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Underbody braces, turbos and more!

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PostPosted: Wed Jun 04, 2014 10:53 am 
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Joined: Sat Mar 29, 2008 10:37 am
Posts: 139
Location: Boring, Oregon
Since my timing belt broke and the water pump had a slow leak, figured now was the time
to do the seals too.
It is a very tight space to work in and removing the splash shield helps some.

Does anybody have any tricks on an easy way to get both bolts of their pulleys?

Would a dental pick be OK to use in removing the old seals or is there something better?

What kind of prep work would be recommended on the new seals and bores? grease/oil?
And is there a safe method on installing the new seals?

This is a first for me, so any advice would be appreciated.
Thanks
Doug


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PostPosted: Wed Jun 04, 2014 11:20 am 
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Joined: Sun Dec 05, 2010 5:56 pm
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Location: Wahiawa, HI
Quote:
Does anybody have any tricks on an easy way to get both bolts of their pulleys?


If you hadn't figured it out yet, you pretty much have to loosen the passenger side motor mount and let the motor hang down until you can get the correct sockets and breaker bar in there. Loosen water pump nuts before you loosen the belt.

Quote:
Would a dental pick be OK to use in removing the old seals or is there something better?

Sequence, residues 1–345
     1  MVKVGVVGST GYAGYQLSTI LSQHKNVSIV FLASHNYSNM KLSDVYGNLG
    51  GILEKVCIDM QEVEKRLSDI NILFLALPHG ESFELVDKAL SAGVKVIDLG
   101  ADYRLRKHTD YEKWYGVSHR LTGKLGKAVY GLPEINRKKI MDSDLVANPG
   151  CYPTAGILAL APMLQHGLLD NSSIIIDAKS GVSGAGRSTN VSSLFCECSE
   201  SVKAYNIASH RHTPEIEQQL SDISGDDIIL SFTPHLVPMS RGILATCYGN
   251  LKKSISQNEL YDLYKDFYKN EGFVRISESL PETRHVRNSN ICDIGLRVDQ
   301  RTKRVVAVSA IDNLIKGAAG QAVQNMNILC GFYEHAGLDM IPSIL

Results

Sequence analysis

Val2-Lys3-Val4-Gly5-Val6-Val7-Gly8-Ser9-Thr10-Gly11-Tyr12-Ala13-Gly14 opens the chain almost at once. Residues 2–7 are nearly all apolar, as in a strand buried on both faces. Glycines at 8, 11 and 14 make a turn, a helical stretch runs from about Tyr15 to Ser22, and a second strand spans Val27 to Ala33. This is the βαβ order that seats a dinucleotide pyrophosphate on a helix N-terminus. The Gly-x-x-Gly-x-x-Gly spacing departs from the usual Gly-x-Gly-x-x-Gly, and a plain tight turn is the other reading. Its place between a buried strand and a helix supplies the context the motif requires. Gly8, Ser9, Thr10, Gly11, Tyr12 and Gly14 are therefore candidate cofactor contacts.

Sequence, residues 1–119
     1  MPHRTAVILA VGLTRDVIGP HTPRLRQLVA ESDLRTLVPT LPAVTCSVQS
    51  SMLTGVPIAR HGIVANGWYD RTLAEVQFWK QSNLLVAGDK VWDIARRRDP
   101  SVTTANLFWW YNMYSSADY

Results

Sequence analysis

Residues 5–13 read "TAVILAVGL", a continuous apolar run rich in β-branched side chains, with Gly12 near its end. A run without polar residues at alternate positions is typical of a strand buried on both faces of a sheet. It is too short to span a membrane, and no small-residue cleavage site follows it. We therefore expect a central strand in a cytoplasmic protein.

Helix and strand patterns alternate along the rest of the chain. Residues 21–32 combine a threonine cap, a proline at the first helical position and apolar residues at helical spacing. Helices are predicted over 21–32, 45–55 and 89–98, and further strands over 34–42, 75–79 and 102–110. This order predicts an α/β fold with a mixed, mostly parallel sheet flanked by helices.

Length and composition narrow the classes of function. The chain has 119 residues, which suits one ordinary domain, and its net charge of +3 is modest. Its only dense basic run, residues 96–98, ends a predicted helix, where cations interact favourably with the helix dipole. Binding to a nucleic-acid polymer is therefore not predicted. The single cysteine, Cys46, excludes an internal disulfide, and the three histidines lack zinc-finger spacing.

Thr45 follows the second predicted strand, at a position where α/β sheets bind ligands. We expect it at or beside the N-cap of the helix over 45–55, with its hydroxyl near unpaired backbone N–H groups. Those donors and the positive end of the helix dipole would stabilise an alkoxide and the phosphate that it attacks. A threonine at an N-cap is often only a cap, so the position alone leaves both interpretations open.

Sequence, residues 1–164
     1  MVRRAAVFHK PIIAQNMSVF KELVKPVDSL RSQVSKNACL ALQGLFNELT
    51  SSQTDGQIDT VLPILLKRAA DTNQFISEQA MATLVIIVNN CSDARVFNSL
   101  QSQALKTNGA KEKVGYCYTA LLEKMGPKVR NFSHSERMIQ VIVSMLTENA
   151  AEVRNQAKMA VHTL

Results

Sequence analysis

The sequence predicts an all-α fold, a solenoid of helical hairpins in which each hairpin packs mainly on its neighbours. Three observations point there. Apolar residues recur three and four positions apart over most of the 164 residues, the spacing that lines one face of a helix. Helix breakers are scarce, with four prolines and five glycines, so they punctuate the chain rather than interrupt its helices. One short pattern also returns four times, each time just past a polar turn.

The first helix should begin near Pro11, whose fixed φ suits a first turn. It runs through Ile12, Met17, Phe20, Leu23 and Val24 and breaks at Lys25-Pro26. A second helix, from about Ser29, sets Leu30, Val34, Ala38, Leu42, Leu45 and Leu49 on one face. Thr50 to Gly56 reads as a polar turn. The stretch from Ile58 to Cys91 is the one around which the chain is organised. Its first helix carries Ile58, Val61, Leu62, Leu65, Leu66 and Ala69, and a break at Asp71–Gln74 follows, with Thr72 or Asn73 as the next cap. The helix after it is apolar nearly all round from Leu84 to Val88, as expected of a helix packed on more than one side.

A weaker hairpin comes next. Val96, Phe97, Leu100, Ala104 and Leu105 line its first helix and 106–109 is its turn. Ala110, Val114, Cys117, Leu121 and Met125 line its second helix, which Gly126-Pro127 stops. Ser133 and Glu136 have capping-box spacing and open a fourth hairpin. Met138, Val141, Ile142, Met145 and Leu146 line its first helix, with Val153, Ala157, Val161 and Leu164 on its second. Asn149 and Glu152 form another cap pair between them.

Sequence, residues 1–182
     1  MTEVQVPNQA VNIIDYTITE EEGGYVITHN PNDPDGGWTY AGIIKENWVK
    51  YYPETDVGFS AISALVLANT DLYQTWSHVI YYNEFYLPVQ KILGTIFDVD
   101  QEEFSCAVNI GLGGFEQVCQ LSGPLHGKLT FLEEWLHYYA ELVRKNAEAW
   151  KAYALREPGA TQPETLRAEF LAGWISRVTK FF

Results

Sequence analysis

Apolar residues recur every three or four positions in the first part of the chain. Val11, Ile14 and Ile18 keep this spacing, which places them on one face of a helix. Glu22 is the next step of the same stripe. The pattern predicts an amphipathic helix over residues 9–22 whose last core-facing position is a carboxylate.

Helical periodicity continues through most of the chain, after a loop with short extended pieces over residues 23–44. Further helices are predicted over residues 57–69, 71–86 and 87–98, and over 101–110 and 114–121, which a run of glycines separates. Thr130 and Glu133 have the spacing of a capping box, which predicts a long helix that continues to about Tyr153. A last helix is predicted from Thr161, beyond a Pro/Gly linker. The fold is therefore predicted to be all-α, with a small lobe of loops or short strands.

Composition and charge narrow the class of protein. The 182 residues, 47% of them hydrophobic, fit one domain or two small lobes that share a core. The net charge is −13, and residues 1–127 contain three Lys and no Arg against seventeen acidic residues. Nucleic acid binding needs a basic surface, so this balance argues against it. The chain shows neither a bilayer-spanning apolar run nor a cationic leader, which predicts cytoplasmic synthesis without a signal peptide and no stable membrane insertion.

Probably it will be fine, as long as you are especially careful not to scratch the seal bore with it.

It's not always easy to use in tight spaces, but I like these, sometimes known as a "moustache" seal puller:

Image

You still have to be careful not to scratch the bore, though and the dental pick might work as well in this instance, if you're careful.

Quote:
What kind of prep work would be recommended on the new seals and bores? grease/oil?
And is there a safe method on installing the new seals?


I use a tiny bit of ultra-grey RTV on the outside instead of grease. It helps the seal to slide in, but then helps it to stick in place once it's set, but grease would be ok too. The main thing is just to get the seal straight in the bore--I'm not sure what size giant socket you need to tap it in, but that's what I usually use if I need something, anything with an ID a little larger than the ID of the seal and an OD very close to the OD of the seal or even a bit larger, which will get you nice and flush with the block. A good seal will often go in just using your fingers, however.

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PostPosted: Wed Jun 04, 2014 11:32 am 
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Joined: Tue Apr 17, 2012 12:15 pm
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Location: Curacao, Netherlands Antilles
This is what I did to avoid dropping the engine
Attachment:
IMG-20131101-00397.jpg
IMG-20131101-00397.jpg [ 59.27 KIB | Viewed 983 times ]

Just cut the lip in 2 places and hammer that part upwards. This will allow you to insert an extension for the socket. I never dropped the engine again to remove the crank pulley...

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PostPosted: Thu Jun 05, 2014 7:10 pm 
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Joined: Tue Feb 13, 2007 10:28 pm
Posts: 1170
Location: So Cal, USA
It would be helpful to know what model you are working on.

If you use a pick to remove the seal, make sure it's angled
towards the crank in case you slip, the crank is hardened and difficult
to scratch, the bore however is aluminum and easy to damage.
And if you do the cam seals, the cam is much softer than the crank,
it is possible to damage the cam if you are not careful.


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